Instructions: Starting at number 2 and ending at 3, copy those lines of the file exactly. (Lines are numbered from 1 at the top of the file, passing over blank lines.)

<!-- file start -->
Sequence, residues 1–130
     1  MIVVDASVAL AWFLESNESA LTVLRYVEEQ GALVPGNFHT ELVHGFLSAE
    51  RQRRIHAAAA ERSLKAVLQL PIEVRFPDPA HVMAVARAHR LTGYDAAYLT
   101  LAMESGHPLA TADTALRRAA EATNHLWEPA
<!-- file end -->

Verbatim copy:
     1  MIVVDASVAL AWFLESNESA LTVLRYVEEQ GALVPGNFHT ELVHGFLSAE
    51  RQRRIHAAAA ERSLKAVLQL PIEVRFPDPA HVMAVARAHR LTGYDAAYLT